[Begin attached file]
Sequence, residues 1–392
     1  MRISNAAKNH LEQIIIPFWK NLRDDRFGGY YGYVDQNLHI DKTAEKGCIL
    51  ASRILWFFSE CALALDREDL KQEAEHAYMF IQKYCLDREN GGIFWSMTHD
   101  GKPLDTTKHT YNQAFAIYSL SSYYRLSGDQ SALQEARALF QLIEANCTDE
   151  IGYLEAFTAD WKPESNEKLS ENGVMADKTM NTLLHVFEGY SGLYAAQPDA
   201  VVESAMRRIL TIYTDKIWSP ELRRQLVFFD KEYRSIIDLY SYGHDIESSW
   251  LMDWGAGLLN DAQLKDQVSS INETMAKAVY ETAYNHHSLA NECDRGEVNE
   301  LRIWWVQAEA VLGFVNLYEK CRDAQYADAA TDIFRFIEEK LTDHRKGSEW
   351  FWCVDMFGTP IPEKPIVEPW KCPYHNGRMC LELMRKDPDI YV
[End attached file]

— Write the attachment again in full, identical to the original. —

Sequence, residues 1–392
     1  MRISNAAKNH LEQIIIPFWK NLRDDRFGGY YGYVDQNLHI DKTAEKGCIL
    51  ASRILWFFSE CALALDREDL KQEAEHAYMF IQKYCLDREN GGIFWSMTHD
   101  GKPLDTTKHT YNQAFAIYSL SSYYRLSGDQ SALQEARALF QLIEANCTDE
   151  IGYLEAFTAD WKPESNEKLS ENGVMADKTM NTLLHVFEGY SGLYAAQPDA
   201  VVESAMRRIL TIYTDKIWSP ELRRQLVFFD KEYRSIIDLY SYGHDIESSW
   251  LMDWGAGLLN DAQLKDQVSS INETMAKAVY ETAYNHHSLA NECDRGEVNE
   301  LRIWWVQAEA VLGFVNLYEK CRDAQYADAA TDIFRFIEEK LTDHRKGSEW
   351  FWCVDMFGTP IPEKPIVEPW KCPYHNGRMC LELMRKDPDI YV